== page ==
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The Faroe Islands – in a nutshell

Of course we could have driven to Kirkjubour, but why pass the opportunity for a gentle hill walk along one of the centuries-old pathways that linked the once mediaeval Faroese settlements? Not that the weather was encouraging. We set off on the hillside track a few miles west of the capital, Torshavn beneath low cloud, but with the expectation that this would rise as we gained height. The night’s heavy rain had soaked the upper slopes and now trickled down the track toward us.

Faroe Islands walk

Situated half way between Iceland and Norway, the Faroe Islands take the full blasts of the North Atlantic winds. There are few trees here so the land has a bleak and compelling beauty. Its mountains have been carved by Ice Age glaciers into deep corries, U-shaped valleys and knife-edge ridges. The soil is thin, and every hillside is lined with shallow channels where it has been washed away, leaving a multitude of streams rushing over the hard, basaltic bedrock. For those who appreciate wild scenery, where the sound of the wind is challenged only by bird call, this is perfect hill walking country.

Our optimism was rewarded with a gradual clearing of the air, a brightening in the clouds and an opening out of the view. Gulls flew overhead. A snipe we disturbed flew away with rapid wing beats. A pair of oystercatchers, the national bird of the Faroes, mobbed a raven that had probably flown too close to their nesting site.

After a leisurely hour, we reached the high point of our walk, about 230 metres (755 feet) above sea level. Torshavn had disappeared around the curve of the hill behind us, while in front of us, the small islands of Hestur and Koltur appeared just to hover on the horizon. A gathering of tarns filled the hollows in a plateau to our right. Despite its remoteness, this wild hillside has been the venue for public meetings and celebrations since the late nineteenth century.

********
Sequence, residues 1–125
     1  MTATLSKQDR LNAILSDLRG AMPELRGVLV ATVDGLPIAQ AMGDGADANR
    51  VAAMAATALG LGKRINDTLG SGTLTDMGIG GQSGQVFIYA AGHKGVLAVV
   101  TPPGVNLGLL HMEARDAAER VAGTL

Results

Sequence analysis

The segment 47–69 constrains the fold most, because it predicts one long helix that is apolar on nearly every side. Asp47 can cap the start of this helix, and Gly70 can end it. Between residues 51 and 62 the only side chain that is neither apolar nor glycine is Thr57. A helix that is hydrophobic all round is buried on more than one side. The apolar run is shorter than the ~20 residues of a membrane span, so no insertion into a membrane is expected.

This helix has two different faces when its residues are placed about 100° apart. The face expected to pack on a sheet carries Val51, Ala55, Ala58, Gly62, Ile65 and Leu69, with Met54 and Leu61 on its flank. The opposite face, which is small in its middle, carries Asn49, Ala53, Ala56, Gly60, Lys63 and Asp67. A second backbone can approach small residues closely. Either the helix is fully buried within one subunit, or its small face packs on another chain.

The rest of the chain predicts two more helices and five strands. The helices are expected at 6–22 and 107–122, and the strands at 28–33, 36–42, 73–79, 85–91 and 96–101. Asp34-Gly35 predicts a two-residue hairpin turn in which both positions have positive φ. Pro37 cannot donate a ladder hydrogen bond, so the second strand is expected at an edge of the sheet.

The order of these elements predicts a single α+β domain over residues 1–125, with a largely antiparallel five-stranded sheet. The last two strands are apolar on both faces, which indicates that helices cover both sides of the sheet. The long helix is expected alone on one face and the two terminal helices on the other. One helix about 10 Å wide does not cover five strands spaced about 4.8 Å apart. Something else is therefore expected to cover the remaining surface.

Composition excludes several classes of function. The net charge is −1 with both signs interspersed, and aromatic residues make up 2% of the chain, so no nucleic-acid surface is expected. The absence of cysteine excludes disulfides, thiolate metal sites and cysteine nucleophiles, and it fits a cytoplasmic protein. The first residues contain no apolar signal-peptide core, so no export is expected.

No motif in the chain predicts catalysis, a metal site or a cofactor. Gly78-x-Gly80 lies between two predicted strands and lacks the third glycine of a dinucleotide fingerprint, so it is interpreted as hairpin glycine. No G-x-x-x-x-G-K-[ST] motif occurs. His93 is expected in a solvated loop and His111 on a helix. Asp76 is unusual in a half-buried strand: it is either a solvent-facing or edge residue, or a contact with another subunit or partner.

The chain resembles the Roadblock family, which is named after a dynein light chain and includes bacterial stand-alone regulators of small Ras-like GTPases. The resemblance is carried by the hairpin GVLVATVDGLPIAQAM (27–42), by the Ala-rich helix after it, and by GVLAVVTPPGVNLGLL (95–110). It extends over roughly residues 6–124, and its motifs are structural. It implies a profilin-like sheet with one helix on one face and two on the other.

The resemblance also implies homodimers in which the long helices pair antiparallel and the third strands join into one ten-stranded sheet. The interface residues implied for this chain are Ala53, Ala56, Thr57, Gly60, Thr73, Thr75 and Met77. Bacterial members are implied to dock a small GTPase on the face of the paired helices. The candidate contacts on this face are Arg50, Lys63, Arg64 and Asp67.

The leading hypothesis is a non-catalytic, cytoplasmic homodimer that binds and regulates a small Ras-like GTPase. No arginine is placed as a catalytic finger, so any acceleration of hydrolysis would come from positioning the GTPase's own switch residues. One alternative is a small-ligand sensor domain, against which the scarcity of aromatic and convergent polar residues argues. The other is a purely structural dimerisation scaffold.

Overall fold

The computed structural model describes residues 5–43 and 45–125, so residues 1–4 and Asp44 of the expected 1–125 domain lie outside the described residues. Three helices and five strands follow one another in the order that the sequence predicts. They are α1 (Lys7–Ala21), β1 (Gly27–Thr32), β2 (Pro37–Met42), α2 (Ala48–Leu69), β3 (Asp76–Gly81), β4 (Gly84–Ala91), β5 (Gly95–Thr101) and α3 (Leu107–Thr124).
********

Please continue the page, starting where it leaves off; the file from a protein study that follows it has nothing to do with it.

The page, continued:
The track followed the contour for half-a-mile, then took a gently descending diagonal across the slope, with the black, wooden buildings and whitewashed church of Kirkjubour slowly emerging from behind the shoulder of the hill. Almost exactly two hours after we had begun the walk, we reached the end of what had been a most enjoyable excursion of little more than three miles. Our transport awaited.

Faroe Islands

Kirkjubour and Roykstovan

We drove the short distance along the road, which ended in the tiny, but historically important village of Kirkjubour, regarded as the cultural capital of the Faroes. It is thought that here is where the first settlers, Irish monks came ashore in the 9th century and established a monastery. Dependent upon driftwood to build their shelters, they harvested the abundant seaweed to fertilise the land. The Vikings soon followed, and in the early 12th century came the first of the bishops, who dominated the islands until the Reformation.

The ruins of St Magnus Cathedral, which was built around 1300, lie to the south of the village, while the whitewashed church of St Olav stands above the shore. For much of the mediaeval era, St Olav’s acted as the cathedral. It remains the oldest church still in use in the Faroes. A small hole in the landward wall of the church allowed lepers to hear the services from outside, until the disease disappeared in the 18th century. On the altar is an Icelandic bible that dates from 1584.